Friday, July 31, 2015

Film Review: The Con Artists (2014)

The Con Artists (aka The Technicians)
Kim Hong-sun/Kim Woo-bin/2014
Where To Watch:
Netflix Instant
Amazon Prime

"It is certainly generic, but also entertaining."

Ji-hyuk (Kim Woo-bin), a master safe-cracker, teams up with his fellow swindlers for his grandest job yet...

The Con Artists follows Ji-hyuk, a charismatic safe-cracker living the good life thanks to his many successful burglaries. When he steals valuable jewelry from a shop owned by gang boss Chairman Cho (Kim Yeong-cheol), Cho recruits Ji-hyuk for a job of massive proportions in the Incheon Customs – stealing $150 million from a high-security area within 40 minutes. Ji-hyuk is joined by his clumsy pal Koo-in (Ko Chang-seok) and genius, conniving hacker Jong-bae (Lee Hyun-woo). The film leads to the climax you're expecting – you know, where the film recaps every twist and turn for you – and a cheesy ending.

The Con Artists isn't a bad film. In fact, I had a good time, which is already enough to warrant a recommendation. The film starts off a little slow and the planning really isn't as thorough as I would've liked, but it kept me engaged. The second half of the film starts to develops a sense of suspense – you start to feel the stakes. There's an edge-of-your-seat car chase with vehicles of all sizes swerving and flipping, some large-scale melee, tense races against the clock, and even some shooting. Thanks to this balance in action and plot, the second half of the film moves at such a relentless and engaging pace. And, although I knew where it was headed, the twisted final act was entertaining – there were even a few moments I didn't see coming.

The most significant problem with The Con Artists is the core of the film. This is essentially a heist film – a movie about swindlers. In this case, the foundation of the film, the genre's DNA, is completely unmodified. The Con Artists doesn't take any chances whatsoever to differentiate itself from other films in the genre – it is exactly what you expect. Does this make the film bad? Well, no, I already said that. (Are you even paying attention?) It make the film feel very generic, though. This is part of the reason the first half feels slower than the rest of the film. Furthermore, there are also some very underdeveloped characters, such as Ji-hyuk's love interest, Eun-ha (Jo Yoon-he), and his mentor. These characters, unfortunately, play a significant role in the plot, but feel so hollow and insignificant, like if they were tossed in at the last second. I mean, most of Eun-ha's dialogue consists of her conveniently dictating her thoughts to the audience.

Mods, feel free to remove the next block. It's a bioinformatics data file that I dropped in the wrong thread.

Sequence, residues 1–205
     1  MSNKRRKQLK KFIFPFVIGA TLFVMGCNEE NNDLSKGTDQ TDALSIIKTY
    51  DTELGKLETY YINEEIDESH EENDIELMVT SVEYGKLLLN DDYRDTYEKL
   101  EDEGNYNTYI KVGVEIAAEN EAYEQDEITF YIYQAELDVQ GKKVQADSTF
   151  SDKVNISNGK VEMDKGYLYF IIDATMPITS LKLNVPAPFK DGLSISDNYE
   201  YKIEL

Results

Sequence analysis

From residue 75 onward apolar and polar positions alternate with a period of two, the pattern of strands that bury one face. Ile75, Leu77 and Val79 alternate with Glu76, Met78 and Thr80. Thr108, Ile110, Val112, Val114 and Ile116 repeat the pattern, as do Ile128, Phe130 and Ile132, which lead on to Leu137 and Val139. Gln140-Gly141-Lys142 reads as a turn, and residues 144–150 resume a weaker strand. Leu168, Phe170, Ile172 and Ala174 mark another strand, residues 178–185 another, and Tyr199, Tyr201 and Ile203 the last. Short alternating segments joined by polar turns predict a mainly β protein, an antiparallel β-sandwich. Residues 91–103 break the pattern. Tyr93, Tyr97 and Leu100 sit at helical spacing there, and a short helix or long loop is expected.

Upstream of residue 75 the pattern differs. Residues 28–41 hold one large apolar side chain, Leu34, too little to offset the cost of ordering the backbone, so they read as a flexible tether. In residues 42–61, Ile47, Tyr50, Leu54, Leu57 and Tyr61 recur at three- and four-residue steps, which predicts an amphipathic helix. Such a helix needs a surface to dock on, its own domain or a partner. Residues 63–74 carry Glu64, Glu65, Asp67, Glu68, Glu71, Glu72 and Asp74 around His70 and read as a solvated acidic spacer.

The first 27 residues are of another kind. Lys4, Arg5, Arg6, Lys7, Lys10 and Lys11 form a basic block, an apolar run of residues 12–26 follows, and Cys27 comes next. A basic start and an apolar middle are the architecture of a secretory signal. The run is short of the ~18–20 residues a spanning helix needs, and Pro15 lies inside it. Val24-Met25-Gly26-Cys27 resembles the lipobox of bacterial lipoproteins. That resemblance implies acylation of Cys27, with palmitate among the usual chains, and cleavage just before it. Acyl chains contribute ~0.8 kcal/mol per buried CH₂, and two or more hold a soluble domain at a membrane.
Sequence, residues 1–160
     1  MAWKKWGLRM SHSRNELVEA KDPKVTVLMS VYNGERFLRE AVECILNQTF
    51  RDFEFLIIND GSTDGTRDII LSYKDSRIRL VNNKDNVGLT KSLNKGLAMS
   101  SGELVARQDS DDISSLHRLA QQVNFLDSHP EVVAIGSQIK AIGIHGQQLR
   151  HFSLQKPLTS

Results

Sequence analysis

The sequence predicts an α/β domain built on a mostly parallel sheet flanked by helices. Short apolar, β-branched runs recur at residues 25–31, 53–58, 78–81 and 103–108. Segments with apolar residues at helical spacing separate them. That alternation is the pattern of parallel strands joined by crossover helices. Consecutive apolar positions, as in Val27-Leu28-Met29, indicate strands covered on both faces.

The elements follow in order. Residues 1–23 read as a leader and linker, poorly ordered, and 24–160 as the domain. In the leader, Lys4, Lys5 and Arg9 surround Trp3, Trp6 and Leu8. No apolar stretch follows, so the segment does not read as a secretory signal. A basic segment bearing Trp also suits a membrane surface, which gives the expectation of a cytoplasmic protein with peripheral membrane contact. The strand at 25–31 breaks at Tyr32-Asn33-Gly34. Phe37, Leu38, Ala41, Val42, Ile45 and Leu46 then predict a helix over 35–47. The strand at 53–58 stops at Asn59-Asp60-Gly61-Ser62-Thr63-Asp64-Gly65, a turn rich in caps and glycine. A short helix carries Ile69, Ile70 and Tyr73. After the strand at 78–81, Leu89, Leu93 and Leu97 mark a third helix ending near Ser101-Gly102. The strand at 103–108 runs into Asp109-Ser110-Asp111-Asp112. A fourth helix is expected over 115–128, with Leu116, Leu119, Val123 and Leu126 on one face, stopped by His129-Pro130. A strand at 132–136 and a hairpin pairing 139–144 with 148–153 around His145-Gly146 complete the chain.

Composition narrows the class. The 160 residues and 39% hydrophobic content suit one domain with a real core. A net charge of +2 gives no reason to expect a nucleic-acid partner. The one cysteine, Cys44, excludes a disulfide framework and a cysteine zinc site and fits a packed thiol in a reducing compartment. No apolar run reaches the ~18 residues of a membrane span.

The acting is good. Kim Woo-bin flexes his emotional chops here and there, but, from the few films I've seen with him, he's still mostly playing Kim Woo-bin – a charismatic performances with some humorous quirks. Ko Chang-seok offers some comic relief, but I also feels he retreading to his character from Tabloid Truth. I suppose, if I had to complain about the acting, I'd use the same complaint from the narrative – it plays it too safe. The film is fairly standard otherwise. It looks great and sounds good. Director Kim Hong-sun crafts some great action sequences and thrills, and, despite the overwhelming familiarity and lackluster ending, he yarns the story together well. I wouldn't mind seeing more from Hong-sun, especially something with more personality and pizzazz.

Overall, The Con Artists is a good film. I might have complained a lot throughout this review, but that doesn't negate the positives I mentioned. It is certainly generic, but also entertaining. Sure, I wish there was more character and more personality – something to differentiate it from the rest of the genre – but that doesn't necessarily make it a bad film, especially since it's technically well-made. All I can say for certain: I had a good time. If you're looking for a swindler film and don't mind treading the same waters, or if you're just a big fan of the cast (I know a lot of you are), then I recommend The Con Artists.

Score: 6/10
Parental Guide: Some strong violence and blood.

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